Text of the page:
Emerson automates Shanghai petrochemical complex
Shanghai, China—Emerson Process Management reports it recently completed a digital automation project at Shanghai SECCO Petrochemical Co.’s $2.7-billion, 10-plant ethylene cracker complex.
Shanghai, China— Emerson Process Management reports it recently completed a digital automation project at Shanghai SECCO Petrochemical Co.’s $2.7-billion, 10-plant ethylene cracker complex. In 2003, SECCO picked Emerson as its digital automation partner for the integrated petrochemical facility, which is located in the Shanghai Chemical Industrial Park about 30 miles from the city.
The complex will annually produce 900,000 tons of ethylene and more than 2 million tons of other related petrochemical products for use in plastics and synthetics manufacturing applications. The ethylene cracker is SECCO's core plant in the complex. It is reportedly the largest in China and one of the largest in the world.
Emerson says SECCO used its engineering and project management expertise to integrate and coordinate multiple suppliers, enabling complete construction in just 27 months, which was three months ahead of schedule. Startup of the ethylene cracker plant in March 2005 took just 10 hours and 45 minutes, which SECCO says was a world record for a project of this magnitude. SECCO is a joint venture between Innovene (formerly BP), Sinopec, and Shanghai Petrochemical Corporation (SPC).
“Our facilities and expert personnel at Pudong enabled us to partner effectively with SECCO, shaping a cutting edge solution,” says Sweechee Lee, Emerson Process Management China’s GM. ''We were also able to call upon Emerson experts among our more than 4,000 global engineering and technical service professionals, particularly from centers in India and Singapore.''
Emerson installed its PlantWeb digital architecture throughout the SECCO complex, which contains 47,000 control loops, 40,000 instruments, and about 13,000 intelligent devices networked in the world's largest FOUNDATION fieldbus installation. This consists of an all-digital, open communications approach, which connects measurement and control equipment, such as sensors, actuators, and controllers, in processing applications.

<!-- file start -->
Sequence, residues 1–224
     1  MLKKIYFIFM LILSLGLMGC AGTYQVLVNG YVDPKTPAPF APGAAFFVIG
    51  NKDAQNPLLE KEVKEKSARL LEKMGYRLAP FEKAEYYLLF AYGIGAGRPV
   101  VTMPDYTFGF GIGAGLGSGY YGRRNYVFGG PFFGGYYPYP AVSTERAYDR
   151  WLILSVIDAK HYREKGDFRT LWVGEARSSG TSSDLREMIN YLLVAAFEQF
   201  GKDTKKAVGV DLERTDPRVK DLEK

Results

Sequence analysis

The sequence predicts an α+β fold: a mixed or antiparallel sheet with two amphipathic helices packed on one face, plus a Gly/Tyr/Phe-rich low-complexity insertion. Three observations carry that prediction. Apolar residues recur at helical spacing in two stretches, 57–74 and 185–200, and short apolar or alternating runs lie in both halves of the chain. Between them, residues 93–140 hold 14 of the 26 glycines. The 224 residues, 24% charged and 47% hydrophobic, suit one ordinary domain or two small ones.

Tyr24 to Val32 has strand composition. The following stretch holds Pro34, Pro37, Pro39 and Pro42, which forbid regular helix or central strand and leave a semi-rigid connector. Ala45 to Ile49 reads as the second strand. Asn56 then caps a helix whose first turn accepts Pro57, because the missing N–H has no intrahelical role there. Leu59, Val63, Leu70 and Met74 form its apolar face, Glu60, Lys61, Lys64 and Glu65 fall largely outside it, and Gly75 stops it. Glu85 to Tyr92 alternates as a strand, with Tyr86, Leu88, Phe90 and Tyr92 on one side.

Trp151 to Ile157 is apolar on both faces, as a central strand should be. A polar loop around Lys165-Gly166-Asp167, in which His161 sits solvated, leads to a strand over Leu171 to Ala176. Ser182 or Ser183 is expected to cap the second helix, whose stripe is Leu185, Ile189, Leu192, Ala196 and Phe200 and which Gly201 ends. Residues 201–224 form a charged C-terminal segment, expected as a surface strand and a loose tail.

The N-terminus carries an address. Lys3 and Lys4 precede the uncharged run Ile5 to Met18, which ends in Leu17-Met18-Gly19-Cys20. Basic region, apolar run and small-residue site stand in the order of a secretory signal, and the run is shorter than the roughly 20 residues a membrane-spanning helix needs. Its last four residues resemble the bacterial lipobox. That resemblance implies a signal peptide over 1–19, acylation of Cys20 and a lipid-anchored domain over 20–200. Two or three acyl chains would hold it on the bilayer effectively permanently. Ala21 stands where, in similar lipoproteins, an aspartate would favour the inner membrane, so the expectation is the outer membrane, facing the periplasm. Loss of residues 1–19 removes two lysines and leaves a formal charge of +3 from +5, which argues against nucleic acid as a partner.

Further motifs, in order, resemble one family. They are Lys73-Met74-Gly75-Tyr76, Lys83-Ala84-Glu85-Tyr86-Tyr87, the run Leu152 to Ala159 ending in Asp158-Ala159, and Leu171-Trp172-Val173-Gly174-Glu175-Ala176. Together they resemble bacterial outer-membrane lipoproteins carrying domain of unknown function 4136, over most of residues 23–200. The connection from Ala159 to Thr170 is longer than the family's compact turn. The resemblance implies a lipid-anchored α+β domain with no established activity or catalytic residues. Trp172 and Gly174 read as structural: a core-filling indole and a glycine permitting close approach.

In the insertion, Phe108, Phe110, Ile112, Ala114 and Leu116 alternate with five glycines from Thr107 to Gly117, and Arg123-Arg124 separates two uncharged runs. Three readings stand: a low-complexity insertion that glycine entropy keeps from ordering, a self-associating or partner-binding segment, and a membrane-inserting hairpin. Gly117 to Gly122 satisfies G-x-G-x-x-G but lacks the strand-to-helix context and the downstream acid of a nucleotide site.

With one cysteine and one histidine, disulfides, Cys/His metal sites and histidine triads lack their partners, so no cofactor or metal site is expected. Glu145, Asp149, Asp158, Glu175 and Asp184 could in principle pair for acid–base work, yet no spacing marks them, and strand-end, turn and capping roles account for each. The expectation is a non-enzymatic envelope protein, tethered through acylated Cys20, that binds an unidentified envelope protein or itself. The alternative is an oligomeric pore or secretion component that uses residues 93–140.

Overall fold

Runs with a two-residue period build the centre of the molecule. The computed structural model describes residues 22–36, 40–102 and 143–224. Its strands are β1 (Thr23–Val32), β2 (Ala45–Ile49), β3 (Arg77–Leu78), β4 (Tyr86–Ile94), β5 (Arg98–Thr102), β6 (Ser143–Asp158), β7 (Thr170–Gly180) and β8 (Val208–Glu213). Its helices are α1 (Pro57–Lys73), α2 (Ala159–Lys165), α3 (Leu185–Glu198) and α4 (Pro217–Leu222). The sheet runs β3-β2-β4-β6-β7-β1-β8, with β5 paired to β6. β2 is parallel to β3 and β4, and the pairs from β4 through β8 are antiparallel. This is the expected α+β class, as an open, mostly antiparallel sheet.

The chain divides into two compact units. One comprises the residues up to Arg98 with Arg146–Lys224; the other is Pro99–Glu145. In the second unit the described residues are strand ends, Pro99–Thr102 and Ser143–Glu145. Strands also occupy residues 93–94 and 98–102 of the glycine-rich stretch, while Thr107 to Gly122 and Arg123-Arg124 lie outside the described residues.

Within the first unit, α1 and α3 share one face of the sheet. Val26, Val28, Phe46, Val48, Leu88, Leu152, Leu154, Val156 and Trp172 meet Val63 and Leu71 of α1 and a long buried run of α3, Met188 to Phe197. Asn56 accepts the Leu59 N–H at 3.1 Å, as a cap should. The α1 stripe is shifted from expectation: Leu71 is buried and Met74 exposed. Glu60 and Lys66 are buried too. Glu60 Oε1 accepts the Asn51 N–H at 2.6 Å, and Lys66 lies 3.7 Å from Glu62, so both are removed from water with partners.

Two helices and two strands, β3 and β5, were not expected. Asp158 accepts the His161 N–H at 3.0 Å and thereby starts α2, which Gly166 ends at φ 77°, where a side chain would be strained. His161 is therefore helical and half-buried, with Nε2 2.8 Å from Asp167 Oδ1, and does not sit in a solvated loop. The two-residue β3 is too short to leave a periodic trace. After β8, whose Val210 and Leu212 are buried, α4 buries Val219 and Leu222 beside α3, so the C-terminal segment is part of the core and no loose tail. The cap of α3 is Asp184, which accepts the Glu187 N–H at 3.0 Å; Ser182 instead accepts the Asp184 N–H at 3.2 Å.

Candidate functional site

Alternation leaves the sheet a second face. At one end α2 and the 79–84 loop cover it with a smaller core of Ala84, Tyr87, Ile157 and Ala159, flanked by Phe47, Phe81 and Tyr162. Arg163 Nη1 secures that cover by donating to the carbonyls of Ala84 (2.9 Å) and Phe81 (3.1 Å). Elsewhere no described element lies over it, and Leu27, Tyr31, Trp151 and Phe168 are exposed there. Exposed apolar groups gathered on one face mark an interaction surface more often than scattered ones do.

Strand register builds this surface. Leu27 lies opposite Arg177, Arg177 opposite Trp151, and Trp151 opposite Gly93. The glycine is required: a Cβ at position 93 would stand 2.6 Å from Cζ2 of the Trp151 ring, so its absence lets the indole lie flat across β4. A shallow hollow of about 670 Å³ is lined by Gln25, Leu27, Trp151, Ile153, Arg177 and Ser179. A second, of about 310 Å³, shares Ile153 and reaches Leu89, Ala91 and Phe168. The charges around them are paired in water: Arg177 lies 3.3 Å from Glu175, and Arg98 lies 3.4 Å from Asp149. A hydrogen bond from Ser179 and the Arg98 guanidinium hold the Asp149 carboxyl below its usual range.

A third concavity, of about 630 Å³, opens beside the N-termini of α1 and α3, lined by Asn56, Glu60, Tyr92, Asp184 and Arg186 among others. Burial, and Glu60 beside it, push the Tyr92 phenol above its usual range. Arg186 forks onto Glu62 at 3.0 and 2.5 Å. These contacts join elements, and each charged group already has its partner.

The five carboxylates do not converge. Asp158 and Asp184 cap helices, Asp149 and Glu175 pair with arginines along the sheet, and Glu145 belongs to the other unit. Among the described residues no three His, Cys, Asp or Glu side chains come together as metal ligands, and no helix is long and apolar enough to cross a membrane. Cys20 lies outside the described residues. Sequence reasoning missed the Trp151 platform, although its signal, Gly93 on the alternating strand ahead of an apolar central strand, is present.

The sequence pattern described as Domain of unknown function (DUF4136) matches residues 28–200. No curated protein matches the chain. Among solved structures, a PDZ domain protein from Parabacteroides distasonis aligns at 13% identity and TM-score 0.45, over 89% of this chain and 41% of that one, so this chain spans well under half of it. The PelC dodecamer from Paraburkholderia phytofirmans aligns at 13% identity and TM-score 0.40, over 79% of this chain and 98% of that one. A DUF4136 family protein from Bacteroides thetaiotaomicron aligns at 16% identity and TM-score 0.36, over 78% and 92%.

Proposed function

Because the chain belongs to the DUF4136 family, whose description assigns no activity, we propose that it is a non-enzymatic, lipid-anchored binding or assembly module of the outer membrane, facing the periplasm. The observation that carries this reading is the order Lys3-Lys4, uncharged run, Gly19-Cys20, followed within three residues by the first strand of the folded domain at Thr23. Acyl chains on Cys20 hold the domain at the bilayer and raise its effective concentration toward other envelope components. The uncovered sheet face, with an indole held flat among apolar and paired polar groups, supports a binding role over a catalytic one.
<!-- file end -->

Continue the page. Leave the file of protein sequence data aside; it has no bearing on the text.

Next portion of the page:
Rather than using a centralized project organization run by an overall project contractor, SECCO chose an integrated project management team approach, under which each key plant in the complex had a lead project contractor. As the main automation supplier, Emerson not only engineered and implemented the automation and control systems, but also helped manage multiple international and local suppliers for each of the 10 plants in the facility.
''When you look at the complexity of building 10 units at one time, and asking all of them to start up in a short time frame with minimum disruption, it's pretty amazing,'' said Jack Brinly, SECCO’s deputy project director. ''At the beginning, we saw no probability of finishing in early 2005, but we were able to finish three months earlier than originally planned, and Emerson deserves much of the credit for making that happen.''
Zhang Ziliang, SECCO’s project director, adds that, ''On such a massive and centralized scale, this is probably the first project of its kind ever. In practice, the performance of the complex is outstanding. We have achieved our objectives, and on the whole it is very satisfying.''
SECCO adds that the integrated complex project also had no major accident and zero fatalities during construction, which included more than 50 million man-hours of labor. The site reportedly also included leading environmental standards.
''We’re honored to be part of the partnership that has made the SECCO project successful,'' says Mike Train, Emerson Process Management, Asia-Pacific’s president. ''It’s gratifying that Emerson's engineering and project management expertise, and the technology of PlantWeb with FOUNDATION fieldbus played a key role in helping SECCO realize its vision.''
Control Engineering Daily News Desk
Control Engineering staff